LITTLE ROCK (KATV) — Three Arkansans, including a former Court of Appeals judge and a former state director of elections, are suing Secretary of State John Thurston for what they say are unconstitutional voting restrictions.
The lawsuit challenges absentee voting restrictions that the plaintiffs say force voters to choose between exposing themselves to COVID-19 or exercising their right to vote.
"When the election cycle rolls around and polling sites are closed because workers don't appear, people will be disenfranchised," said Susan Inman, the former state director of elections.
Currently, Arkansas law limits voting by mail to only those who are "unavoidably absent" or unavailable because of an illness or disability. Voters can face a $10,000 fine or 10 years in prison for violating the mail-in guidelines. The lawsuit argues that a 1985 Arkansas Supreme Court decision that allows voters to determine on their own whether they are unavailable, without detailing a reason, should be upheld.
"It's essentially unconstitutional to require an excuse in the first place," said Inman.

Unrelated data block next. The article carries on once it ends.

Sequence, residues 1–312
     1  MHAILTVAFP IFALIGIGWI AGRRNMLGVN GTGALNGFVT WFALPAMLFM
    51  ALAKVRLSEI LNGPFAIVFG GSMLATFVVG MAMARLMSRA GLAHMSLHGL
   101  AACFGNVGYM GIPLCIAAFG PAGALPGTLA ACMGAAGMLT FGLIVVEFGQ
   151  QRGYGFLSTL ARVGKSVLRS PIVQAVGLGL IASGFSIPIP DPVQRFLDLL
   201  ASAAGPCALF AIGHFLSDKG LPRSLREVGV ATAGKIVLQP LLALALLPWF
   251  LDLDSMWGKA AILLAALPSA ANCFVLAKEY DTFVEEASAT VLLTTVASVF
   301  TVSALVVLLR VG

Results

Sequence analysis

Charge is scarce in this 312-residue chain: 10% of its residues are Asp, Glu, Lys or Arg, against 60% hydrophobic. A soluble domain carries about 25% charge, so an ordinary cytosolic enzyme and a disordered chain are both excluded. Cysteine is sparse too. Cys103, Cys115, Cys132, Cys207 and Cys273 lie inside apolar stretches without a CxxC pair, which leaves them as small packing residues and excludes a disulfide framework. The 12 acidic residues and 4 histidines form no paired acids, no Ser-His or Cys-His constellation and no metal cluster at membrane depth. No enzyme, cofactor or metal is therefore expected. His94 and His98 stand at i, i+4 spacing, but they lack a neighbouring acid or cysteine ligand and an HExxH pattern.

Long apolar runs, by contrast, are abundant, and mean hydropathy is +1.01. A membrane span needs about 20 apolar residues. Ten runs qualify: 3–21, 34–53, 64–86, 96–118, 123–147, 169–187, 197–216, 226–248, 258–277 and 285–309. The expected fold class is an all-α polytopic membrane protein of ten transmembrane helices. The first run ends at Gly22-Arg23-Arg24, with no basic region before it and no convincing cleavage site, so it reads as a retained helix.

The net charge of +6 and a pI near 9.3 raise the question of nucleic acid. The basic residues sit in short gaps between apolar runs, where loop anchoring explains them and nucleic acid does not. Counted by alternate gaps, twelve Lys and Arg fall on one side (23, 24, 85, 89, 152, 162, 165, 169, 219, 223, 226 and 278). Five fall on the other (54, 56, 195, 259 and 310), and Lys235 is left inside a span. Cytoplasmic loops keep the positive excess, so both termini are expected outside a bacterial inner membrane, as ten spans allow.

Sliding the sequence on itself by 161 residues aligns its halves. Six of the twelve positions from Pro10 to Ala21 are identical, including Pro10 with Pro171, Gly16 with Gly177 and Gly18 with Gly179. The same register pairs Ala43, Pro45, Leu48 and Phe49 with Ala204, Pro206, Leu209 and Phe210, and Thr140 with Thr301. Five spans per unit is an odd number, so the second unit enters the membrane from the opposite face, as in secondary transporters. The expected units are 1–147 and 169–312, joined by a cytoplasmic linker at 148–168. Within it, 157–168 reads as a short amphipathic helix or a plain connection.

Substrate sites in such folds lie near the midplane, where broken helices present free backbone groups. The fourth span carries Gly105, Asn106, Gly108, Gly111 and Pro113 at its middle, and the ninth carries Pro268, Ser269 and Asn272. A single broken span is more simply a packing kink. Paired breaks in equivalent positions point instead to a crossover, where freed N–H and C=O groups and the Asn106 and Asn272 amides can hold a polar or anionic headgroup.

In May, Gov. Asa Hutchinson used his executive power to allow no-excuse voting by mail. He has promised to make a decision for the November election by August 1—but Inman said that delay will disenfranchise voters
"If he waits until August, it's going to be a little bit late and untimely for counties to properly prepare," said Inman.
The national debate on voting-by-mail has centered around election security, with many who oppose easing restrictions expressing concern about increased voter fraud ahead of a presidential election. Inman said in Arkansas, absentee voting has several checks in place that make the process secure.
"It's a very secure process and a lot of people who complain about absentee ballots and its potential fraud have used it themselves," Inman said. "The president has voted absentee. Tom Cotton has voted absentee."
No hearing date has been set, but the case has been assigned to Circuit Judge Wendell Griffen. In addition to lifting restrictions, Inman and the other plaintiffs are asking the court to force the state to mail every registered voter an absentee ballot request form.
The Secretary of State's Office received $4.7 million from the federal government for election assistance as part of the CARES Act. Inman is asking the state to use that federal money to pay for the extra cost of mailing ballots.